There’s much sobering news out there, most of which I tend to dismiss out of hand, learning the lessons of the Y2K scare and all the hysteria that led up to the predicted disaster that never took place.
But this piece from Dr. Bob (and you must read it all) is more than a little unsettling:
I’m no economist, but it seems blindingly obvious that the current global economic climate is extraordinarily fragile, and seems poised for an cataclysmic meltdown. Even without a black swan — a hot war in the Middle East or Korea; a mass casualty terrorism attack here or abroad; a huge natural disaster or another financial meltdown like September 2008 — the whole house of cards is poised to collapse, catastrophically. The timing is unknown, but the inevitability clear. The players are hard-wired: the Ponzi scheme of being paid today with tomorrows dollars is a powerful drug, intoxicating to both those who deal and those strung out on its increasingly delusional indulgence. And the addicts will not lie down meekly when the dealer runs dry.
Beyond the obviousness of this impending crisis lies our stunning unpreparedness to face the chaos which most surely ensue. As David Warren writes,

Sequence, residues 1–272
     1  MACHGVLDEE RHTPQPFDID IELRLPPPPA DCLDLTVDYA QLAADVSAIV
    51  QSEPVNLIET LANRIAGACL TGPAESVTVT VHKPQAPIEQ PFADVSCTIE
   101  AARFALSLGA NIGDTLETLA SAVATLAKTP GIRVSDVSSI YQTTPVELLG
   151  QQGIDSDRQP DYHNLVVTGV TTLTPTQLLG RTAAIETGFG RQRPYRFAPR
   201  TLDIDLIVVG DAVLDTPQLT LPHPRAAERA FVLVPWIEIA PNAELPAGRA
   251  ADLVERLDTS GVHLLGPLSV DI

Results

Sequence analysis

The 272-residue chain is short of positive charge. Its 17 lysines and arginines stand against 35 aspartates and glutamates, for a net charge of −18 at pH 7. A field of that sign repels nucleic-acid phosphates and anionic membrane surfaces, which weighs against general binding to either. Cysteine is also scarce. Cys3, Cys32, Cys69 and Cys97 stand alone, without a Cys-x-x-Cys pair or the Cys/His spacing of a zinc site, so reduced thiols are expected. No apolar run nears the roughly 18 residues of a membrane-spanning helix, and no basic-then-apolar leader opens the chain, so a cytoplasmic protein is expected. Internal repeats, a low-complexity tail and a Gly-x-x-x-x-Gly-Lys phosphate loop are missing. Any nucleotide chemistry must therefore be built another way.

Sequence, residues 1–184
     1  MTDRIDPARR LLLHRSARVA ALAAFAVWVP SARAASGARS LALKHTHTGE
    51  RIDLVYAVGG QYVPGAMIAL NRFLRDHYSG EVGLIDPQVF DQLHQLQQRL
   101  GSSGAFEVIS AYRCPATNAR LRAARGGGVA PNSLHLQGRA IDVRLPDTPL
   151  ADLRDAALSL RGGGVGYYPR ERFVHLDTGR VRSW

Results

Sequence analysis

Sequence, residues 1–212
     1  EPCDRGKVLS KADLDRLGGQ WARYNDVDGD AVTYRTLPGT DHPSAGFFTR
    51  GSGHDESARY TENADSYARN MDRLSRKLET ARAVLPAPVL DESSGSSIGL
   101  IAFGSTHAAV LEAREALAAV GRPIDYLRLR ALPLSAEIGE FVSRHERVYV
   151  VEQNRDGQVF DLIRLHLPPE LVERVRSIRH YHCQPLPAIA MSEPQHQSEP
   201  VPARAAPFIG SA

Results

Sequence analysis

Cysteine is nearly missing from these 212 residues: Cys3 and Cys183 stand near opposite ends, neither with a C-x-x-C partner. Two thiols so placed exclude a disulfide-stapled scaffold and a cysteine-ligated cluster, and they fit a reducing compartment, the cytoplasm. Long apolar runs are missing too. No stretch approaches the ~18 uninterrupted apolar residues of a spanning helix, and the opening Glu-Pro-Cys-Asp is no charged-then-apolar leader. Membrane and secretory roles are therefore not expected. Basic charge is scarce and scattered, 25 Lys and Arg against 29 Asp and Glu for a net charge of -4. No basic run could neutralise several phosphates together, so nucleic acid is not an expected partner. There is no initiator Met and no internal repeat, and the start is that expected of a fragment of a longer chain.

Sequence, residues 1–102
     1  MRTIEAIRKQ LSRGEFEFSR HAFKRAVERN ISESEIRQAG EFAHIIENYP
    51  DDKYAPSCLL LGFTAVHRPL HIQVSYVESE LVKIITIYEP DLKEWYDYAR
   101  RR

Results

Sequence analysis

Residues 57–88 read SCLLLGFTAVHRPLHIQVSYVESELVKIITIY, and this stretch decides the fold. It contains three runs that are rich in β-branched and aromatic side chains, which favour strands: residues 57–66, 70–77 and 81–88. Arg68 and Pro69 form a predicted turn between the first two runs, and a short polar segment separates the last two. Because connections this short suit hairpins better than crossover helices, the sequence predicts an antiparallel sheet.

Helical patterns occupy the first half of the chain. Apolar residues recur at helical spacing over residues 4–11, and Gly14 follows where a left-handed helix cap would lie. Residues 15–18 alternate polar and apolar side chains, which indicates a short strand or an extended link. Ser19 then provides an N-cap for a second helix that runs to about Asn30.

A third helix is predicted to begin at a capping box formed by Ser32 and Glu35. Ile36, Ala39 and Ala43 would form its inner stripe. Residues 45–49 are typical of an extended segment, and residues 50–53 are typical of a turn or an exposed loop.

Europeans, outside the Nazi-Fascist Axis, and North Americans were as utterly unprepared for the horsemen of the apocalypse riding their way in the 1930s, as we are today. In fact, they were materially less well-prepared, though spiritually perhaps rather sounder. Nevertheless, the spirit of denial, which includes the desire to focus on problems that aren’t real, to avoid staring at the real ones, was so alive in our predecessors that their naiveté has become our cliché.
But I think the tests we face from abroad may, this time around, be matched by the tests we face domestically. And for those I think we are even less prepared… we are living out lives in which the focus of our attention is constantly displaced from the here and now, towards any number of fidgeting external distractions, in a “virtual reality” that disappears in the first moment of a power failure. So that, when something happens in the here and now, transcending the technological order, and muting all sources of external entertainment, we are at a loss.
How or when this cataclysm will play out is pure speculation — a speculation in which I may indulge, time and grace permitting, in coming days. Our leaders have arrogantly boasted: “Never let a crisis go to waste.” While theirs is the opportunism of self-destructive power, we too should not waste the opportunity afforded us by this impending implosion to make the most of that which soon threatens to burst upon us in ways most frightening and unpredictable.
Now is the time to become grounded, to set aside frivolous things and focus on that which is permanent, unshakable, and sure. The time to do so surely is short.
It’s never a bad time to be grounded. Never. But it does seem, given the litany of pieces Dr. Bob has linked to, that the man is doing more than simply playing chicken little.
How grounded are you?
How grounded am I?
Crossposted at Brutally Honest.